6. Treasury Department regulations governing the financial control aspects of trade with China and North Korea were issued under title 31, chapter V of the United States Code (forwarded to the Department by despatch No. 66 dated January 5th).? Specific references of interest are sections 201 of subpart B and 533 and 534 of subpart E. The work of linking these regulations with a customs procedure designed to ensure the compliance of United States importers is in progress and it is expected that instructions to customs authorities will be issued within two weeks.
7. The plan being worked out contemplates using the existing customs definition for determining the country of origin. If this results in specifying China or North Korea as the country of origin, the goods will be impounded until proof is presented to customs that payment in United States dollars has been made into a blocked account. Precise procedural methods are being developed to prevent practices "which would make a mockery of existing regulations which have the status of law".
3. Treasury Department representatives hold the opinion that the regulations in force, buttressed by customs procedures now being developed, will bring import trade from China and North Korea to a virtual standstill. The method employed is expected to produce results closely approaching an embargo although embargo techniques are not being employed. Paragraph 4 of teletype message WA-3414, dated the 29th of December, 1950 should therefore be modified accordingly .4
9. The question of familiarizing United States importers with the ramifications of these trade restraints is being taken up with the "National Council of American Importers" which is considered to be the best medium for providing additional trade publicity. Discussions with this organization have included the subject of trans-shipments. Subject to the customs rules with respect to country of origin, the same requirement for payment into a blocked account will be necessary regardless of the number of trans-shipment points.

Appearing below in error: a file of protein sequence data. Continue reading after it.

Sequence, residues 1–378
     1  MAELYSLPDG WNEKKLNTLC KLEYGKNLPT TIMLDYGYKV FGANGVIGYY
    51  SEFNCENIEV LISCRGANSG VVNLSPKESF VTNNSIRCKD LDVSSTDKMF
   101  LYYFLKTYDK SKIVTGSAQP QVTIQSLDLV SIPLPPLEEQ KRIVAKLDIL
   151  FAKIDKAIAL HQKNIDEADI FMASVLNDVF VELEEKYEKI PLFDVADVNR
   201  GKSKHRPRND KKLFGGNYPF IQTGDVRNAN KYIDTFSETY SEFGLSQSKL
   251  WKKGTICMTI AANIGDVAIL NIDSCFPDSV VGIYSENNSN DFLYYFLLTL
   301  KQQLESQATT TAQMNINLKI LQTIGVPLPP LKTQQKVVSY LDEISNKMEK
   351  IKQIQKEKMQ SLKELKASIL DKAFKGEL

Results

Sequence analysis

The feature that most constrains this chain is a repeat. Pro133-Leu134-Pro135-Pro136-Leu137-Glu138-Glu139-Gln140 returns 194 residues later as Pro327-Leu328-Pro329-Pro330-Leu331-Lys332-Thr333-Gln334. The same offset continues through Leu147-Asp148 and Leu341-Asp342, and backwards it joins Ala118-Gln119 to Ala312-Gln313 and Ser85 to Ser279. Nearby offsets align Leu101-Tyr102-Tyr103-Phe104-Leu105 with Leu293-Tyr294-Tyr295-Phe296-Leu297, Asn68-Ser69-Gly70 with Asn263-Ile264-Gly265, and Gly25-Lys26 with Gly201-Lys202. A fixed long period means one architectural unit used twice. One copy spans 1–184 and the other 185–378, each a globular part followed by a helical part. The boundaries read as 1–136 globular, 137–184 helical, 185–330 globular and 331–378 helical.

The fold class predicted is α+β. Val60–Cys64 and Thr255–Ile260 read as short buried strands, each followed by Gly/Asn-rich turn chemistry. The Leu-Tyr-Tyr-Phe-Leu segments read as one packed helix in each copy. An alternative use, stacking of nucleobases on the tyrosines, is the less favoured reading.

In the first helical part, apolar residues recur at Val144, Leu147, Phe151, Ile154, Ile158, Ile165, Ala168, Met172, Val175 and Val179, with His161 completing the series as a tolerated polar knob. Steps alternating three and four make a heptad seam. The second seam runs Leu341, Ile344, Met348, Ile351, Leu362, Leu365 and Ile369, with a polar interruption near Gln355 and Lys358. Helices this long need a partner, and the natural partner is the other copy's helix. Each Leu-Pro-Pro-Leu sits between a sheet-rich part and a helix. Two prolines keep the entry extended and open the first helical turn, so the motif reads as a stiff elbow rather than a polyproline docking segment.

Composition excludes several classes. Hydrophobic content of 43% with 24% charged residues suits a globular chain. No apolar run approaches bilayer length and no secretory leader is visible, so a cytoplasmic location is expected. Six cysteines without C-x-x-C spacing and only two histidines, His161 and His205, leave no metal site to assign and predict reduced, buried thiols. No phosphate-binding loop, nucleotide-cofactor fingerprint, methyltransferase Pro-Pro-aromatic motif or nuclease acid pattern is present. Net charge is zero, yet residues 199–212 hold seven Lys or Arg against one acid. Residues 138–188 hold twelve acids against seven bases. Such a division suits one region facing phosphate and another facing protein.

10. It was emphasized that evasive procedures such as barter, deferred payment, and payment from funds lodged outside the United States will not qualify the goods for release and that transfer of title outside the United States will not be acknowledged unless it occurred before December 17th, 1950, the effective date of the financial controls.
11. One apparent weakness in the existing regulations is that the value which must be paid into a blocked account is the value billed by the Chinese exporter. If the exporter wishes to give the goods away, the financial controls of themselves would not offer a bar. This might mean that an evasive payment could be made by the United States importer from funds lodged abroad. When asked about this feature, Arnold of the Treasury Department said that a watch would be kept for illegal transactions of this nature and evidence of below-value shipments would be carefully investigated.
12. There are many transactional features about goods coming within the scope of these regulations which will not be clear until working arrangements with the customs bureau have been effected and it may be preferable to delay consideration of notifying Canadian traders about the United States regulations related to transshipments until that time.
13. The Canadian policy with respect to imports into Canada from China and North Korea for consumption or trans-shipment to points other than the United States has not been considered as being within the scope of the discussions with the Treasury Department, despite the general comment reported in paragraph 2 of WA3414, dated the 29th of December. Treasury Department interest is centred in the question of re-exports from Canada, and Willis of the Treasury Department has been informed that we do not appear to have any legal authority for import controls at present that could be used to prevent goods being imported into Canada from China and North Korea for re-export to the United States.
(Please pass copy to J.H. English through Mr. Heasman's office).
3Voir/See Volume 16, Document 1038.
4Voir/See Volume 16, Document 1037.